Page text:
The Lesser of Two Evils: Comparing Data Integration Projects and ERP projects

October 12, 2018

Recently we came across a customer project where the owner of the project told us in the kick-off meeting that we had won their business over few alternative solutions they had been looking at prior to deciding to go with us. Instantly we thought that the person meant that we had beaten a direct competitor when bidding for their business. But when we asked, ‘Who did we beat?’, their comment was: ‘It’s not really who we decided to go with, it’s what we decided to do”. This comment was so surprising to us that naturally, we asked them to explain what they meant by it.

They then explained that for a long time this customer had contemplated on replacing their legacy business application with an entirely new ERP system. They explained that their old operational systems (including their old ERP system) were running quite well but required a lot of manual keying of data from a system to another, and their processes were lacking visibility and automation that some of their competitors seemed to have. An ERP project to replace the current systems with one ERP system had been internally discussed for a couple of years already, but they didn’t make a decision. With a new head of IT joining the company it was time for the company to make a decision finally. 

ERP Project

While an ERP upgrade or ERP change can be a significant improvement to a business, there are many horrific examples of ERP project gone wrong. Most failed ERP projects are quietly swept under the carpet, but every once in a while, the really extreme cases make to the press.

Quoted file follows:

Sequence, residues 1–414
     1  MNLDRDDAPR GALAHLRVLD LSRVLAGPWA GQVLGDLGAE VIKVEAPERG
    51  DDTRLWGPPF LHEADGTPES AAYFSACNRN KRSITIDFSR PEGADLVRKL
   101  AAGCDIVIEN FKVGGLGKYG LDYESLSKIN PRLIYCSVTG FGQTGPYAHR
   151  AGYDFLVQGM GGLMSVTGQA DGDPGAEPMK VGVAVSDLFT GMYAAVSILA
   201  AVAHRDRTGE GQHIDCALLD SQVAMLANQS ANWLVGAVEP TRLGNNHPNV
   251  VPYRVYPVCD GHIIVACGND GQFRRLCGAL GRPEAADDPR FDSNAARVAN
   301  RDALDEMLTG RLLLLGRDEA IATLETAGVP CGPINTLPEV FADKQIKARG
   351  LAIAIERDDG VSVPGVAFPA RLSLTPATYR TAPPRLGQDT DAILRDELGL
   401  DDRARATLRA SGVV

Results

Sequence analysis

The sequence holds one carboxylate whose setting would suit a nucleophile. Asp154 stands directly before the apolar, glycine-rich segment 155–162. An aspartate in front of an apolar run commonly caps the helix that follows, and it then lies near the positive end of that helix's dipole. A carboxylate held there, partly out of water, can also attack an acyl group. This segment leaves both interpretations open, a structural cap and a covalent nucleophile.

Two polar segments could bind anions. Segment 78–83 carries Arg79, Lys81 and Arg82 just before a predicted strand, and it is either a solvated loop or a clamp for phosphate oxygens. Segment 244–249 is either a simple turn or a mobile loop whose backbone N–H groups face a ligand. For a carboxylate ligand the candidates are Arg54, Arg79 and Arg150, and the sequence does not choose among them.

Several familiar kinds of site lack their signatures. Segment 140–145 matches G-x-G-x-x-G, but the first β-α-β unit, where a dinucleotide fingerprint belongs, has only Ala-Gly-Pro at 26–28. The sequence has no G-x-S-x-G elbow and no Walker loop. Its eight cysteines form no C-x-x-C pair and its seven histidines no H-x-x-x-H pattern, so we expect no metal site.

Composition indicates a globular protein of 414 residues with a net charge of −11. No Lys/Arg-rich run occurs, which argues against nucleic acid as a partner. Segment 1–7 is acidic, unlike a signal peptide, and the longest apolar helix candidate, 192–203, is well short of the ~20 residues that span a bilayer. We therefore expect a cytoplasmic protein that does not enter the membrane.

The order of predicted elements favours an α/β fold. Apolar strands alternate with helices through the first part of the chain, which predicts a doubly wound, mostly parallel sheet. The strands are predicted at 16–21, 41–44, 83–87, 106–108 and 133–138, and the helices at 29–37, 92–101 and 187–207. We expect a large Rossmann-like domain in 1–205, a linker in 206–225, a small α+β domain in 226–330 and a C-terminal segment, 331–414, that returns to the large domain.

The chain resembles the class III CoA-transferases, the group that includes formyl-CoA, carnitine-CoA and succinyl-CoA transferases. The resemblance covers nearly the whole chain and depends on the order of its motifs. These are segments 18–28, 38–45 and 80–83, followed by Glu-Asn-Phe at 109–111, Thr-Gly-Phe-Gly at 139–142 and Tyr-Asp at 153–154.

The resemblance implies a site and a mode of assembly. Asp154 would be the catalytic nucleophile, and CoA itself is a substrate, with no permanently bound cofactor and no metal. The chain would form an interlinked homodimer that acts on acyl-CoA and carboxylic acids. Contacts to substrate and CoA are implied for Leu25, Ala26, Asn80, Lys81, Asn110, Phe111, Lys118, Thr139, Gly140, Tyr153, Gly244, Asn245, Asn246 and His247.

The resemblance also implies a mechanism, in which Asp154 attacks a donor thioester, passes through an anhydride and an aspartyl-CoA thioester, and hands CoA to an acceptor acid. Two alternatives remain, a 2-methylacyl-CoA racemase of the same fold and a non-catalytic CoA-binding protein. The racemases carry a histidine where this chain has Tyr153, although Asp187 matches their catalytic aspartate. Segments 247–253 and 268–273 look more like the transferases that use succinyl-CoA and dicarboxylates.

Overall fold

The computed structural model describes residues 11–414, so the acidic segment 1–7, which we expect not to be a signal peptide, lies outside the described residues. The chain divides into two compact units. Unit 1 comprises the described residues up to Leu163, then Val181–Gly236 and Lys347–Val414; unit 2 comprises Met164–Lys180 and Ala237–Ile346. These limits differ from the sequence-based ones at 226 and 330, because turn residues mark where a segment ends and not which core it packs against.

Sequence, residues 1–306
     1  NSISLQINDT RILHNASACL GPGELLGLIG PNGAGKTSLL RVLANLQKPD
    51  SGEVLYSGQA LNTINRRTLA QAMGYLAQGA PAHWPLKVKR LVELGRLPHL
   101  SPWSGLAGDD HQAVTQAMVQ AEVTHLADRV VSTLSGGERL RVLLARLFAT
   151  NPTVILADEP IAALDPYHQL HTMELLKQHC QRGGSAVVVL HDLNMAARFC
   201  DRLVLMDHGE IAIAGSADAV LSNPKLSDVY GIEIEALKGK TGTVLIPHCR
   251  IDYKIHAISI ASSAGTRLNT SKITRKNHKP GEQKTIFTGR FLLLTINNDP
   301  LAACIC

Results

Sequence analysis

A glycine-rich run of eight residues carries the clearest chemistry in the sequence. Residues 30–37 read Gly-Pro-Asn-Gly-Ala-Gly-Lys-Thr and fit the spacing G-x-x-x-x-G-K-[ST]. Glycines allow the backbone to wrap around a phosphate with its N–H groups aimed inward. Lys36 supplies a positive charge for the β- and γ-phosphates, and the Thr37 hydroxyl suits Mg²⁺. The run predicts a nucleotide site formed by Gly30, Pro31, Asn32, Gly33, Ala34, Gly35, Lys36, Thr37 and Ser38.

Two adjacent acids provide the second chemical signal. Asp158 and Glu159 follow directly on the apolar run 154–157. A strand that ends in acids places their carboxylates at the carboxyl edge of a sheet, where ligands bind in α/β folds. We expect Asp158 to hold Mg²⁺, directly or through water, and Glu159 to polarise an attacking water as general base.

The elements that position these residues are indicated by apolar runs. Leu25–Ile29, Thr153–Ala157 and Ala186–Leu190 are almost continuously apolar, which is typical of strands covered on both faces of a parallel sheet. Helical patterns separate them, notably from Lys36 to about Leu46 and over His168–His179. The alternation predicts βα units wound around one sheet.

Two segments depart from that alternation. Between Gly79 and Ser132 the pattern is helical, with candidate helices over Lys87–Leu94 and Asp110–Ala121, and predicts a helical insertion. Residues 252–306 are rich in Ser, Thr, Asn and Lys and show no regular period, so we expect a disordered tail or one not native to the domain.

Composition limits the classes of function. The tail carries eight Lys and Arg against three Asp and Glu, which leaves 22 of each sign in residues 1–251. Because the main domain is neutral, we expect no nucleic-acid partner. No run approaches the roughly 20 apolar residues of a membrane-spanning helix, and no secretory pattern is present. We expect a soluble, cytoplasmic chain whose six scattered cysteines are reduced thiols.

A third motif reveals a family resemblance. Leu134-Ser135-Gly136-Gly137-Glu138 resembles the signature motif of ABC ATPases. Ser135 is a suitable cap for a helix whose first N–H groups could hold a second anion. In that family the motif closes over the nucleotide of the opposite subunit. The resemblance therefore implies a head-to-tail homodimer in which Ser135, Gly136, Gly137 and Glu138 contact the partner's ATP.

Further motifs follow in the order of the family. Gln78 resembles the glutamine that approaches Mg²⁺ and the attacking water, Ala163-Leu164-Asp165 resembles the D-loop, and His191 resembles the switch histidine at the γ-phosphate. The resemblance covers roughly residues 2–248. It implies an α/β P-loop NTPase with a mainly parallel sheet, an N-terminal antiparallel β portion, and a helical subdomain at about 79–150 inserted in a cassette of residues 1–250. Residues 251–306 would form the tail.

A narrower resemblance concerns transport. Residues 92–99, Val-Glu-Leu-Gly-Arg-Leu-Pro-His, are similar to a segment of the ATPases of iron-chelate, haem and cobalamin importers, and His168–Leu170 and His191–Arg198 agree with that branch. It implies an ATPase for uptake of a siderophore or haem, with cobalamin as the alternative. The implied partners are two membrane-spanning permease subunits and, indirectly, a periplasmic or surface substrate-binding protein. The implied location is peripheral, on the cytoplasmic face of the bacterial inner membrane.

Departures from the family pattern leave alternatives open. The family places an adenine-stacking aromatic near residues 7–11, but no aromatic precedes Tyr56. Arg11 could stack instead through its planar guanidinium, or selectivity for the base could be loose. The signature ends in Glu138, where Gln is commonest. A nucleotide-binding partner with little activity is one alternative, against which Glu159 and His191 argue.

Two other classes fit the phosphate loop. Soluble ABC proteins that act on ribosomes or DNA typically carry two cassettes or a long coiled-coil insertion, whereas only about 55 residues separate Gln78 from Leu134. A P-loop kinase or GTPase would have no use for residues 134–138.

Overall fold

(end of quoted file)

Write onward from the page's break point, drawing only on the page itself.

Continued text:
An excellent example of such case is the LIDL SAP project that was widely published in 2018, where after many years and spending that had exceeded 500 million euros, LIDL finally decided to call it quits and scrap the whole project.

Another ERP project that made the news in the same year was the Oriola SAP project that resulted in disastrous break down of the company’s core business operations, forced the company to issue a profit warning and ended up costing the CEO of the company his job.

With these type of horror stories on their mind, our customer had decided they did not want to take their chances with a big ERP project. They had no immediate pressure to replace their current systems, they only needed to enhance them for improved interoperability. Most of their applications had the functionality the company needed to run their business, but data just seemed to reside in these isolated systems, which resulted in very low automation levels and lack of visibility in their financial processes. In the end, the company decided they did not need a completely new ERP, they just needed to integrate their current systems for interconnection and interdependency.

Integrated enterprises

While integration projects have also gained a questionable reputation and are certainly not without risk. However, the risks that they bare are different to the risk of the ERP projects. Integration projects are hardly ever disruptive to the core business of the company. Even at its worst, an integration project will typically only fail to deliver the desired results in due time. However, the delays are usually never that dramatic, most likely few months, certainly not years. With the shorter timelines, it is much easier to manage the risks related to the project.

Also, during an integration project, the company’s business can and will continue “as is”. Nothing should change with the core systems, and more importantly, nothing gets broken during the project. Integration is an enhancement to the applications, not a disruptor.

In the end, integrated enterprises can be just as efficient, as an enterprise that has invested heavily in a new ERP system. With integrations come connectivity across different departments, systems, and applications, information sharing with all relevant parties, as well as process automation.